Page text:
You may not be thinking about gardening, but I am, so welcome aboard my train of thought because January is THE month to do some thinking and some planning.
Now is the time to leaf through those gardening books that are stacked up by your rocking chair or the endless magazines that are toppling over next to them — all garden-centric. What about the photos you took of last years garden all nicely dated, labeled, categorized so you can remember what you put where and how well/not well it did in that location? Oh well, I didn’t do that either.
Gardening in the Far North is a gamble at best, and with the climate oﬀ kilter, it is even more so. Once we accept the fact that this is no ordinary gardening experience, we can move on and accept the challenge because a challenge is what it is. Those of you who have a deep love of gardening coursing through your veins don’t really need to read this column. I like to focus on those of you who have yet to bite oﬀ more than you can chew — those of you who have done just that and vowed to never garden again. I’m here to give you a lift, a touch of encouragement and a few tips on how to get it done.
I also like to focus on you raising your own vegetables. With our (Alaska’s) food security always and forever in question, it is really only logical that we do what we can for ourselves. All of that Alaska posturing of how independent we are, how “we don’t give a damn how they do it Outside,” goes right down the drain when that barge or truck doesn’t make it in due to weather, earthquakes, volcanoes or politics.
Take it upon yourself to raise then freeze, dry or can your own vegetables. You can do this. The Cooperative Extension oﬃce oﬀers a zillion Zoom classes on gardening and preservation. There is also a KBBI radio program. There is your neighbor who already is a successful gardener and is more than willing to get you started.
The factor here is that every foot in elevation influences the growing conditions. What works here at elevation 396 feet won’t work at 1,466 feet. This is merely a fact. No, you don’t need a high tunnel. Leave those to the die hards, those who are selling at the Farmers Market, supplying CSA boxes and the Food Hub. Take advantage of these if you must, but keep in mind that you can grow, too. You can harvest a fresh salad five minutes before it goes on the table — no need to pick through your box that needs to last a week. You can make a daily harvest and it isn’t that big of a deal. Humanity has gardened for eons.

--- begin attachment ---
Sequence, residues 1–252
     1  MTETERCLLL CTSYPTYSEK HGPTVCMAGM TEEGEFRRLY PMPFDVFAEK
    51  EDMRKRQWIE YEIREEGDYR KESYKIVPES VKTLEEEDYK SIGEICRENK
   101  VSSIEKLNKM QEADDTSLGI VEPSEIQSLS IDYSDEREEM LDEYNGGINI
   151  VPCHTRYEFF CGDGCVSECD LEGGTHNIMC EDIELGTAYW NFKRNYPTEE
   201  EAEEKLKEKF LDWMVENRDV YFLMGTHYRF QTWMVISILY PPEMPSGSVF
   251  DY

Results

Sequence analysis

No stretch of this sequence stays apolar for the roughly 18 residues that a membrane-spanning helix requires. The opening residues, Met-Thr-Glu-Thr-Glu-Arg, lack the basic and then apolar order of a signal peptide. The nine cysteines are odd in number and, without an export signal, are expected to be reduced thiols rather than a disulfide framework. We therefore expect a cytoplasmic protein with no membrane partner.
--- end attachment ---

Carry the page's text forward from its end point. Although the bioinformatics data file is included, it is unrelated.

Take a look around your property and deck. Look where the snow is piled because that will be the last to leave so, logically, that isn’t where you want to plant a vegetable plot. Look where the spruces are — their shade is dense and can throw a wrench into a garden. You want as much sun as possible. Think about how far the outside water is, will you use a hose or watering can or perhaps you don’t have running water, so think about how far you are willing to tote buckets.
Think about recovering water from your roof into a barrel. Think about how far the plot is from the kitchen. What about a fence? Moose protection is a given or else you won’t have a harvest.
You’ll need raised beds for sure. When the snow is gone and you have already determined where you want your plot, don’t fret about tilling the ground. You will lay cardboard down on the ground, throw some dirt on top and plant. More on that later as we get closer to actually planting anything. The cardboard will smother the grass, our most invasive weed, and the cardboard will break down and eventually the vegetable roots will find the ground because that’s what roots do.
Right now, here in January, I want you to think about what you and yours will eat. Really think about this. Why plant something that no one wants? If this is your first garden, you are aiming for success, and that includes enjoying the fruits of your labor. Be realistic; this isn’t a watermelon or okra sort of climate. Greens, root crops and cruciferous vegetables excel.
There are readily available seed racks everywhere in this little town, so use them. Leave the garden catalogs. We have excellent nurseries that grow glorious seedlings for a reasonable investment considering the rewards.
And you really need to think about how big you want this plot. This is where so many trip up. Keep it small, please. Becoming overwhelmed with your garden is the worst. You probably work or have a family and can’t imagine adding one more thing to your life. The thought of gardening seems so out of your reality. But if you think about what I’ve just written (read it again) and use this information, you can have a reasonable garden that won’t take more than 15 minutes of your time and the rewards will be extravagant. Trust me, you can do this. Even if you have a deck, put a container on it and grow lettuce, radish, peas.
Make the most of January, it is a glorious month.
Rosemary Fitzpatrick is a longtime Homer gardener and has been writing Kachemak Gardener since 1990.